Faith Based Economics

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Normalcy Bias: Reflections on a Western Epidemic by Don Quijones RagingBS.com

According to scientific research, people caught up in disasters such as earthquakes or plane crashes tend to fall into three broad ategories: About 1 in 10 remain calm and act quickly and efficiently; around 15 percent completely panic, making it more difficult for others around them to react appropriately and in a timely manner; while the overwhelming majority of people do surprisingly little. Stunned and confused, they are simply unable to react to events. The reason for this is that they are suffering from what the experts call “normalcy bias.”

The Queen Mother of Global Austerity and Financialization by Michael Hudson and Jeffrey Sommers, Counterpunch

We typically honor the convention to refrain from to speak ill of the recently departed. But Margaret Thatcher probably would not object to an epitaph focusing on how her political legacy was to achieve her professed aim of “irreversibly” dismantling Britain’s public sector. Attacking central planning by government, she shifted it into much more centralized financial hands – the City of London, unopposed by any economic back bench of financial regulation and “free” of meaningful anti-monopoly price regulation.

O’Donnell Thinks Krugman is “a lonely voice opposing austerity” because he listens to MSNBC, William Black UMKC, 03/19/13

On March 18, 2013, Lawrence O’Donnell stated that John Boehner’s admission that the U.S. faces no current debt crisis vindicated Paul Krugman, who O’Donnell described as “a lonely voice opposing austerity.” It is true that Krugman has been a strong opponent of austerity and has been proven correct. It is also true that MSNBC has frequently portrayed Krugman as an isolated, virtually sole opponent of austerity.

Looming Sequestration Cuts Will Hit D.C. the Hardest By Roy Oppenheim March 1, 2013

With so many federal workers living in and around our nation's capitol, those federal spending cuts will eventually translate to job cuts and unpaid mortgages.

The dreaded sequestration deadline has arrived, and with it $85 billion in automatic spending cuts that could plunge the nation's strengthening economy back into the depths of recession.

(For some light reading on the topic, check out the 394-page Office of Management and Budget report.)

[ALSO: Hail Marys to Prevent Sequester Fail ]

Reinventing Crony Capitalism By William K. Black UMKC

Readers, one reason that William Black is so creditable for me, beyond his substantial direct experience and his very clear analysis and prose, is that I have seen the same dynamics up close and personal through "cooperatives." I am using quotation marks around "cooperatives" because the majority of the cooperatives I have directly experienced has involved numerous individuals who promoted fraudulent practices and standards.

"Thick and many-legged: On Economic Positivism" by John Emerson at Haquelebac, April 8, 2010

Readers, I've also posted my comment as posted on Emerson's blog Haquelebac. See the link at the end of Emerson's essay. Funny thing about positivism, you don't really want to show up in the middle of a muddle of positivists with an anti-positivist critique in hand. I know I did it, entirely naively in a positivist domain where spouting about the philosophy of social sciences is considered well defended. It so has a thorough cult like nature of the formalisms. for now, Tadit Anderson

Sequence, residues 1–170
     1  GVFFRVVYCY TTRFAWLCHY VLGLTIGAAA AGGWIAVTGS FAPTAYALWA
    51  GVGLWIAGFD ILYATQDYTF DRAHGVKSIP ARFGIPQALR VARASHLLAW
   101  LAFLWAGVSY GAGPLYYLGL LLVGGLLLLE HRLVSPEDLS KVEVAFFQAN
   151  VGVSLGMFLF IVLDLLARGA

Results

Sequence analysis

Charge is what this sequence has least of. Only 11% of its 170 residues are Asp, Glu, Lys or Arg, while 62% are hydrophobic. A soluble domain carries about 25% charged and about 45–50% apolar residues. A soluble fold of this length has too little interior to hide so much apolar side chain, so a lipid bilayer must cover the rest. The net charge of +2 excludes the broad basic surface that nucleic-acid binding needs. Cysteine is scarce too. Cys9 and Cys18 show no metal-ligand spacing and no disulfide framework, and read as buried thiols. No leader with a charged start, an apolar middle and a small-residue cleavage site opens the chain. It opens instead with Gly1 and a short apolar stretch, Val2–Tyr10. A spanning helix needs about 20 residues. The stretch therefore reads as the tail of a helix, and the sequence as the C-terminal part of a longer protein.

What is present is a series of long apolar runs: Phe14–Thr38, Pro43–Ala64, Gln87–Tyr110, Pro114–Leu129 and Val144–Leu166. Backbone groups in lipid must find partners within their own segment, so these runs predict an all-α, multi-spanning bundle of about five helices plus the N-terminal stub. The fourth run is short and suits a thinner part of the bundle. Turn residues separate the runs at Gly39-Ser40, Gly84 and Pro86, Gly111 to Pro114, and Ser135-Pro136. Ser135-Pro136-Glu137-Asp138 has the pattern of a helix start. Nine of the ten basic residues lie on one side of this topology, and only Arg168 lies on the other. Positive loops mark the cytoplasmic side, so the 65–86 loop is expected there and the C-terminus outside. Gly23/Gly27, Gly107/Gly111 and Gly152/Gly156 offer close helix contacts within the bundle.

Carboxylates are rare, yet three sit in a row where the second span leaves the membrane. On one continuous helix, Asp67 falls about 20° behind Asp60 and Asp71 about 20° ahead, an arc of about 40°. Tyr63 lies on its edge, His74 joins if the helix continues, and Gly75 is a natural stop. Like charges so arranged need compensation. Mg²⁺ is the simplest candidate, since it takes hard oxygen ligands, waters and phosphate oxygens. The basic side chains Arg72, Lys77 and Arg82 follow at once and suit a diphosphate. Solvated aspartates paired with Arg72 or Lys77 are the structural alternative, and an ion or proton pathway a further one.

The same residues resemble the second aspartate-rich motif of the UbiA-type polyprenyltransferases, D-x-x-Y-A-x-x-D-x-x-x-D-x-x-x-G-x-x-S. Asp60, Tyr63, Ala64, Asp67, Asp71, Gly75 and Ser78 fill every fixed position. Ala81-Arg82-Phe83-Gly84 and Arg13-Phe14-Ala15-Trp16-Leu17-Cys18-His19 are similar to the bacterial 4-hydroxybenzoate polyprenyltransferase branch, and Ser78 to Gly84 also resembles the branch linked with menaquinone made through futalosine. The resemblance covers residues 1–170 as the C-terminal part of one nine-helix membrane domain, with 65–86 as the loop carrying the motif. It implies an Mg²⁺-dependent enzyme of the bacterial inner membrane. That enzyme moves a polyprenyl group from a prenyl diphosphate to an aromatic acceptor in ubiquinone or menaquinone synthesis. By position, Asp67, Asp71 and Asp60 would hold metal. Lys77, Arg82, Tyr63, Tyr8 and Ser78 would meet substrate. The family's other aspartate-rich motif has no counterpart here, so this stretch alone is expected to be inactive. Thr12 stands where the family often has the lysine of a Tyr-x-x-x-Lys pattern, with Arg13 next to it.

this article begins with these quotes:

"The 9 Biggest Conservative (Neo-Classical/Neo-liberal economics) Lies About Taxes and Public Spending" Joshua Holland, AlterNet

Friends and readers, this is a fairly weak article in some ways, and it puts a fairly large amount of information into a small space. AND, I said "AND," it is still a thin coverage. I am going edit this down and supplement the content into a trifold. It has a lot basic information unmasking the economic fraud being perpetrated on multiple fronts, and which rely upon low levels of economic literacy.

"Who is to blame for America's foreclosure crisis?" by Glen Asher OYE Times 25 July 2011

This is a decent article for the most part, though it doesn't deal enough imo with alternative economic models or the deep economic principles mutating the capacities. He has a strongly sarcastic tone, which is actually good imo, though people need to hear that in his text and not take every thing he states in a literal fashion. for now, Tadit Anderson

"It Became Necessary to Destroy the Periphery in Order to Save the Core’s Banks" William K. Black, UMKC

Readers in this article William Black shows less his white collar criminologist, and much more his post Keynesian aspect. His writing here is also his usual clear self. Tadit Anderson

Gary O’Callaghan, a former IMF economist has written about his distress over what he views as the European Central Bank’s (ECB’s) destructive policies toward the periphery.

Trichet Threatens Greece with Iron Heel Europe's New Road to Serfdom By MICHAEL HUDSON, UMKC

Readers, This is one of Michael Hudson's best recent commentary on the general economic globaL devolution. In a strong sense what he is describing is the natural limits to an economics based upon class based avarice and usury, which has hollowed out the real economy to serve profoundly anti-economic interests, In effect what is going on is at the level of even deeper plundering of public assets and the real economy. Remember for the faith based economists and particularly the refuse peddlers dominating the academic context, you have to also follow the money.

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